(Ricki Harrell)

The brothers presented the idea to their sister who dabbles in art, and she worked up the logo that they’ve been using for a couple of years.  It depicts a hound dog with tie-dye psychedelic glasses on, which Kane feels suits the band well – mixing the image of a mellow dog with the spirit of some of the late 1960s-1970s rock bands they enjoy listening to, along with their love for animals.

“I think people will remember it when they see it,” he said. “It’s just kind of a cool picture to us. We’re all pretty laid back and everything.  We thought it kind of fit.  We’re just pretty satisfied with things…whatever life throws at us.”

Kane also teaches guitar at Roxbury University, an Oxford music school for young musicians, which uses the 2003 film “School of Rock” as a model, and provides individual lessons for keyboards, vocals, guitar, bass and drums, and finishes the semester with a collaborative effort. Roxbury musicians recently opened a show for Proud Hound at Voyager’s Rest, a popular new music venue and gathering place in Water Valley adjacent to the Crawdad Hole restaurant on South Main Street.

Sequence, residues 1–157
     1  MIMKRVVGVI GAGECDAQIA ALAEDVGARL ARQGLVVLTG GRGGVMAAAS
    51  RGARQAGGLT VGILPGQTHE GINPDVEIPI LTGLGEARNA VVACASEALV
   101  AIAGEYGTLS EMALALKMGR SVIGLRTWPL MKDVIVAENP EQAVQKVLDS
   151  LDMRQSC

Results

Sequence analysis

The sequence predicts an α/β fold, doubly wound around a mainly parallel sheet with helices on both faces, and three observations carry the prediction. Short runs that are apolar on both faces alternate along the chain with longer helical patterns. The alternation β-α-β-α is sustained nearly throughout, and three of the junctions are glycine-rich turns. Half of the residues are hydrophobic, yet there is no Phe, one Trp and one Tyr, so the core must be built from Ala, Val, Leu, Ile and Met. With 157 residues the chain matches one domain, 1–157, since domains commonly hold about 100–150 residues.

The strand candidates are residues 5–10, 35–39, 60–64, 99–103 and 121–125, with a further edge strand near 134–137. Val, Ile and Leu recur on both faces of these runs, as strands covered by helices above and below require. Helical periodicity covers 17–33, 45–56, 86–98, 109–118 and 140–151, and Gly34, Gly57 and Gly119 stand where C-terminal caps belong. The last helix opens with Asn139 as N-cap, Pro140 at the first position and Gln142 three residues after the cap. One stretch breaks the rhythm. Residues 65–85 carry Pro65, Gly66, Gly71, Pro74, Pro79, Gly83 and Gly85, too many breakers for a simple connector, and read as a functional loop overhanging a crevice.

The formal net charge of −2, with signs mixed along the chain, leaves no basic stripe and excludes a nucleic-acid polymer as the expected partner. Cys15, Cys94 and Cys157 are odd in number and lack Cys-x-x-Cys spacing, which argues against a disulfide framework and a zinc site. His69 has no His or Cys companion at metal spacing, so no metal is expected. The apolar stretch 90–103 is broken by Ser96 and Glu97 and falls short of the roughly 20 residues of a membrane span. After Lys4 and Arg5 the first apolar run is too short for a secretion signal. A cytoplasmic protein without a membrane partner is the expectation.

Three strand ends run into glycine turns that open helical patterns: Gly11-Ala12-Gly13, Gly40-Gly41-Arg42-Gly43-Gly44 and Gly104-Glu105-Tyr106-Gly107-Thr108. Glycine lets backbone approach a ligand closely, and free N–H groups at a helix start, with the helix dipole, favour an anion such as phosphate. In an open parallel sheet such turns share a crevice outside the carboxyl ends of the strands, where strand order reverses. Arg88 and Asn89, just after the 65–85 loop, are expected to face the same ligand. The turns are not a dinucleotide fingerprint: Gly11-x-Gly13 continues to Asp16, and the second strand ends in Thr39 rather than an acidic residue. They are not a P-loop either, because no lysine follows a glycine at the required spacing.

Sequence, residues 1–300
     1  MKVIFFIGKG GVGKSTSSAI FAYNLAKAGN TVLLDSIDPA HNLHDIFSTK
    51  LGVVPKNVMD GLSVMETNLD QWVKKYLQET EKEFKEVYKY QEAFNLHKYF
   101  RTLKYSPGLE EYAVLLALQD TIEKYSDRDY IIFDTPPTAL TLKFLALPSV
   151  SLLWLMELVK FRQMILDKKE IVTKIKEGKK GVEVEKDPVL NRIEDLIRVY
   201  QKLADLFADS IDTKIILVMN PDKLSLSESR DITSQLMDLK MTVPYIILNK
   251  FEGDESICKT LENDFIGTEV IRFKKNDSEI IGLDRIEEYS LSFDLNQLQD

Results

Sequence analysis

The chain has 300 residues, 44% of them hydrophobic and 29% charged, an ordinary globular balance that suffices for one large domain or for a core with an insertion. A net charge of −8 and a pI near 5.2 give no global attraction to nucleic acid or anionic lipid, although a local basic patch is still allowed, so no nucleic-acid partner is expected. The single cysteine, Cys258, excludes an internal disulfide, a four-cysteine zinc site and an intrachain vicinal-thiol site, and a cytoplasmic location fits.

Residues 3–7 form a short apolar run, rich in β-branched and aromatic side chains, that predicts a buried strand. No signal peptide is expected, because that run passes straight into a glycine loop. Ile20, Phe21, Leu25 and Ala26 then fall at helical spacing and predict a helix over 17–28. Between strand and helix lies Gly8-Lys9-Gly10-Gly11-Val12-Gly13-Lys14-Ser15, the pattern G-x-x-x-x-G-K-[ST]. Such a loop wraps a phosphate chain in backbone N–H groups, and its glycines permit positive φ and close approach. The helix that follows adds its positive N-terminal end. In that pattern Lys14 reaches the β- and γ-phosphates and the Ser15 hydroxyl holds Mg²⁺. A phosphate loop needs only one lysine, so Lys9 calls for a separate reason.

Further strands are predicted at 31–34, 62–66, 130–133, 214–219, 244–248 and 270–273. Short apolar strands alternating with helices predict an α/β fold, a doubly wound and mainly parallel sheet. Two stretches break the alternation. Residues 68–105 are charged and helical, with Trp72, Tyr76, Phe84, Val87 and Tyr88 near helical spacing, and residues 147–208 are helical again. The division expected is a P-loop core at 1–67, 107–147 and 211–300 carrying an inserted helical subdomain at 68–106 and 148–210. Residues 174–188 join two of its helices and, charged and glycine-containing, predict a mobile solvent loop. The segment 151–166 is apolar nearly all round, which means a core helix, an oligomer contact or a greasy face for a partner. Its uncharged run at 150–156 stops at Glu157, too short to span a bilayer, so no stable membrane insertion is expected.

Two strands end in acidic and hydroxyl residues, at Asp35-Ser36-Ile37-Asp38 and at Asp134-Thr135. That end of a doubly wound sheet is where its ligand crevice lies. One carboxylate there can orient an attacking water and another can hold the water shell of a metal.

“It was a cool package deal to have them open up for us,” said Kane.  “They’re such good hosts down there. It was fun.”

With regard to a possible CD release event for the band’s upcoming album, Kane expects the likelihood that it will take place later this year at Proud Larry’s, which has always supported the band.

“We’re trying to figure out what to do with it, and the right way to launch it,” he said.  That’s kind of where we’re sitting right now.”

In the meantime, the band has some live shows available for streaming on YouTube, as well as the Live Music Archive website.

Kane also plans to expand their live performances further beyond the Oxford area in the coming months, since the vast majority of their shows have been around Lafayette and Panola counties.

“We’re trying to stretch out a little bit, maybe up toward northern Alabama, Memphis or across the river in Arkansas,” he said.